An executive order signed by President Donald Trump on Wednesday, April 10, tasks the Federal Department of Transportation with creating a new rule in a little more than three months’ time that permits super-cooled liquid natural gas (LNG) to be transported by rail.
“The Secretary of Transportation shall propose for notice and comment a rule, no later than 100 days after the date of this order, that would treat LNG the same as other cryogenic liquids and permit LNG to be transported in approved rail tank cars,” the order states. “The Secretary shall finalize such rulemaking no later than 13 months after the date of this order.”
Natural gas trade and rail carrier groups have lobbied for years for the ability to supply LNG to the northeastern U.S. via rail. Current Federal Railroad Administration (FRA) safety rules do not allow the transport of LNG in rail tanker cars.
It is transported by truck and pipelines with one exception — Alaska Railroad was given a special authorization in 2015 to transport LNG by rail in portable containers transported on flatcars, Bloomberg News reports.
By John Previsich, President, SMART Transportation Division
John Previsich, President, SMART Transportation Division
It is said that two things to never discuss at a family gathering are religion and politics and for the most part that is very good advice. But I’m going to break that rule here–I view my brothers and sisters in the labor movement as family, but I cannot stay silent while the consequences of the upcoming national elections may have such a severe impact on the working men and women of this country.
Let’s look first at our industry – those of us who work in the transportation field are very much affected by decisions made in Washington, D.C. by a number of Federal agencies. Without exception, the people who lead these agencies and have final say over such decisions are appointed by the President of the United States.
For example, the Federal Railroad Administration (FRA), the Federal Aviation Administration (FAA) and the Federal Transit Administration (FTA) are entities that have a direct impact on all of us, every day that we go to work. These agencies make the rules that govern our licenses and certifications. They enact the rules and regulations that govern our safety and well-being while working on the job.
Our members in the air and rail industry negotiate their collective bargaining agreements and enforce their contractual rights under the auspices of the National Mediation Board (NMB), while such activities for our bus members are governed by the National Labor Relations Board (NLRB).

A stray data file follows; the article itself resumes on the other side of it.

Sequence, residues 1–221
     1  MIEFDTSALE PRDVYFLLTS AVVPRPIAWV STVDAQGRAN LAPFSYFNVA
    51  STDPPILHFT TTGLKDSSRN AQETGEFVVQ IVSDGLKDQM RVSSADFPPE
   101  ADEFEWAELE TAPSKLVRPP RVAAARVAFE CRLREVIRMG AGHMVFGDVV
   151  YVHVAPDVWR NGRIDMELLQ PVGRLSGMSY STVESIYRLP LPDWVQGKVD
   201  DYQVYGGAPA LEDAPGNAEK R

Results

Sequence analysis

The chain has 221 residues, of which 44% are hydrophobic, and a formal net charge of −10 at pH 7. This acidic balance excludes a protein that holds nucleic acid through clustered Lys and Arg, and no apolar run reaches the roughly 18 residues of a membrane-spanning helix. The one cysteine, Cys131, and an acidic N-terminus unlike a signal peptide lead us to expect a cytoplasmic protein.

The Surface Transportation Board (STB) has jurisdiction over rail mergers and abandonments. This is the board that decides not only when mergers can happen, but also which line consolidations and which abandonments will occur–and whether labor protection will be imposed as a requirement of the transaction. And 13c labor protective conditions are a requirement of Federal law when Federal funds are used to enhance bus or rail operations.
Retirement, occupational disability, unemployment compensation and sickness benefits for rail workers are governed by the Railroad Retirement Board (RRB). If you’re a railroad worker and you get sick, you receive Railroad Retirement sickness benefits. If you get furloughed, you receive Railroad Retirement furlough benefits. When you are old enough to retire and enjoy the hard-fought and hard-earned retirement that you’re due, that’s through the RRB.
If you are a rail worker injured while working, the Federal Employers’ Liability Act governs the recovery of lost wages and pain and suffering for you and your family.
If you are a rail worker with 20 years of service and are disabled from working in your regular occupation, the RRB will grant you an occupational disability with full retirement benefits. This occupational disability benefit is something unique to the railroad industry. It exists nowhere else and there are people in Congress today, each and every session, that try to take those benefits away from us – including the Republican candidate for Vice President, Mike Pence.
It’s a fact – Mike Pence, governor of Indiana and former Congressman (R-Ind.), voted against labor’s interests 95 percent of the time while in congress. He voted in 2001 against the railroad retirement revisions that gave us full retirement at age 60 with 30 years of service. During his tenure from 2001 to 2013, there was not a single person in congress with a worse labor record than Pence. The Republican nominee for President has stated that he wants to freeze and roll back regulations, including ones that may affect our safety. Mike Pence has a well-documented history of trying to do just that.
It’s a fact – The Republican nominee for President is Donald Trump, a man without any experience in elective office. Some believe that may not be a bad thing, but it forces us to look at the actual record of Trump’s statements and accomplishments to ascertain his fitness for the highest office in the land.
First, let’s look at Trump’s position on coal, an issue that’s very important to our members. Anyone who watched the Republican convention may have noticed the signs in the audience, “Trump digs coal.” But a review of the facts shows that Trump has no credible plan to return the coal business to profitability, a requirement for increased production. The downturn in coal comes from a number of factors connected to global economics and cheaper alternative fuels such as natural gas. While Trump makes empty promises, Democratic Nominee Hillary Clinton is actually meeting with workers and labor leaders in the coal industry to develop strategies to support and assist the impacted workers.
It’s a fact – Now, what about Mr. Trump’s promise to bring manufacturing back to America? Another simple statement without any credible plan for actually accomplishing that objective, so once again we are compelled to look at the record. Here we find that Mr. Trump says that he will bring the jobs back but in the next breath he declared that the reason we’re not competitive in the global market is because America’s wages are too high. And the record also shows that every product with Trump’s name on it is currently manufactured in a low wage foreign country.